(19)

where is correlation matrix and the correlation value between the i-th label and the j-th label is calculated higher as i-th label and j-th label appear together more in the same video. Then, a new score is defined as follows to better reflect the correlation between labels through simple linear combination of matrix-vector multiplication.

(20)

Here, is used as a fixed value, and is a trainable parameter initialized to the same value as . Scalar values

are hyperparameters for model.

2.5 Loss Function

2.5.1 Center Loss

Center Loss was first proposed for face recognition task 

[18] and expanded to other field because of its effectiveness for making dicriminative embedding feature [17]. The purpose of the center loss is to minimize intra-class variations while maximizing inter-class variations using the joint supervision of cross-entropy loss and center loss. The original center loss was used for the single label classification problem and it is hard to exploit it in a multi-label classification problem.

If we convert the multi label problem into a single label problem like  [3], increment of centers according to the combination of labels is the simple expansion of center loss to a multi-label classification problem. However, this simple expansion is not suitable for YouTube-8M, because the number of combination for labels is too big to calculate. Therefore, we modified the center loss to suit the multi-label classification problem as follow.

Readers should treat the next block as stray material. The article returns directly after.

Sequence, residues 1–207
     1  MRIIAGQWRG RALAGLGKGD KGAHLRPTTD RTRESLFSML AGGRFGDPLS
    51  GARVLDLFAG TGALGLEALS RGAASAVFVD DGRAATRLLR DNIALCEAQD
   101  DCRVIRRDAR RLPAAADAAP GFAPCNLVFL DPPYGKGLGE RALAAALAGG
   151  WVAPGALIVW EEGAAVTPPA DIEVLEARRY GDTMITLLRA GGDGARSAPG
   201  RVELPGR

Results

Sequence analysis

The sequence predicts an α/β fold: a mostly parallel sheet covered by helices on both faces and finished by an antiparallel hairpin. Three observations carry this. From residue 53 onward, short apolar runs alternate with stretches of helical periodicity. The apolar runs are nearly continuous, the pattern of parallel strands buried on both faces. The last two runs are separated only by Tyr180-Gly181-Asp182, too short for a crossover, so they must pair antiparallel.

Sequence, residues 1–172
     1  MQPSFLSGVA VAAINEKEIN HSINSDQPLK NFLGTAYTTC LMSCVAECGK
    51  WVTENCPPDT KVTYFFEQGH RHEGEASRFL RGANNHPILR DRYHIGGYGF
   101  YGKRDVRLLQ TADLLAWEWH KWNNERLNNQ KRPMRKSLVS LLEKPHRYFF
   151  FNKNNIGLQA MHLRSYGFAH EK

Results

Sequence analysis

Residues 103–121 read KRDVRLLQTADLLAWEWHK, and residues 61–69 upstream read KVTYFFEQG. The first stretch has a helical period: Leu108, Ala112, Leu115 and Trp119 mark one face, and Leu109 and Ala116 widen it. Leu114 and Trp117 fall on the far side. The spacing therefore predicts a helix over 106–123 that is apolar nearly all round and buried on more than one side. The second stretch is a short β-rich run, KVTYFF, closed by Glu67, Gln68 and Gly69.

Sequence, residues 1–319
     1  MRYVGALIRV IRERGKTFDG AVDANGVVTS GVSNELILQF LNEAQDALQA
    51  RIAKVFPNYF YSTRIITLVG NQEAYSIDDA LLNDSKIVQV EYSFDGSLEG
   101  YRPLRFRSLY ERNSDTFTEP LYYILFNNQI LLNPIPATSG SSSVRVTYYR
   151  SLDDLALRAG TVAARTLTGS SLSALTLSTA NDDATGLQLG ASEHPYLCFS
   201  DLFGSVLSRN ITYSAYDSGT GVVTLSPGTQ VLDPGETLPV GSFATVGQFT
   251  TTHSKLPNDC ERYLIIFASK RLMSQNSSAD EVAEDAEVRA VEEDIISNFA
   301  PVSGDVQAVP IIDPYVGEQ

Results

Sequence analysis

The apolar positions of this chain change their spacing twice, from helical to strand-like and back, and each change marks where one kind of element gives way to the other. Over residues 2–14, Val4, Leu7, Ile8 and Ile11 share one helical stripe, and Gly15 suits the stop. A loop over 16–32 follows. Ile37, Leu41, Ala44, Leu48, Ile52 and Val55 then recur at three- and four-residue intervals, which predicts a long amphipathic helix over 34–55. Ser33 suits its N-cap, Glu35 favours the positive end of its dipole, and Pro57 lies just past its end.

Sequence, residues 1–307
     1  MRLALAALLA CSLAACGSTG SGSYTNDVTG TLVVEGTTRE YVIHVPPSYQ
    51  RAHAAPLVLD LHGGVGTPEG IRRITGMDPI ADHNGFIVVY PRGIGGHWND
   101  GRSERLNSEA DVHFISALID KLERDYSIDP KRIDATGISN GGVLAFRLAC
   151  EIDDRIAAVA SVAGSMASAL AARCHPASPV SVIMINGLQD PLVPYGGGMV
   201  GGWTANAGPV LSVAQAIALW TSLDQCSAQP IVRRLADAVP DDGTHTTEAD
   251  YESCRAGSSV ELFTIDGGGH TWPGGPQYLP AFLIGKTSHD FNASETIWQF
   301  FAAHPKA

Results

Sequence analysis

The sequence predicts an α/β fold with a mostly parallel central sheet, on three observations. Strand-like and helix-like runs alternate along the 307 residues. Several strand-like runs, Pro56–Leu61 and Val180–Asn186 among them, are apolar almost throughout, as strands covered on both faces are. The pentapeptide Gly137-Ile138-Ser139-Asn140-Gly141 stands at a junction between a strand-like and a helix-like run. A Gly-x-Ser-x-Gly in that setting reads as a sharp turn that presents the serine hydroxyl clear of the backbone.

(21)
(22)

Where denotes the number of labels in one video. denotes a embedding vector from penultimate layer, denotes the -th corresponding class center for each . The is the cross-entropy loss, is the center loss. A scalar is a hyperparameter for balancing the two loss functions.

2.5.2 Pseudo-Huber Loss

The Huber Loss is a combination of L2 Loss and L1 Loss, which allows the model to be trained more robustly on noise instances. In the case of the YouTube-8M, there are classes with very few instances due to the label imbalance problem, and Huber Loss is designed to better learn instances belonging to these classes. For a simple, differentiable form, we use the Pseudo-Huber Loss function, a smooth approximation of the Huber Loss, as follows.

(23)

where means that Cross-Entropy Loss between our prediction and ground-truth label , means hyperparameter for model.

2.6 Training

For training our model, we choose the Adam [11] optimizer using a batch size of 128, with learning rate = 0.0006, , , . We also apply learning rate decay with the rate =

for every 1.5M iterations. We train the model for 5 epochs with no early stopping. We use both official training and validation data that YouTube-8M public dataset provides for training our models.

3 Experiments

We use the test data from the Kaggle competition: Google Cloud & YouTube-8M Video Understanding Challenge to measure the performance of the model. The source for our model is publicly available222https://github.com/seilna/youtube-8m.

3.1 Experimental Setting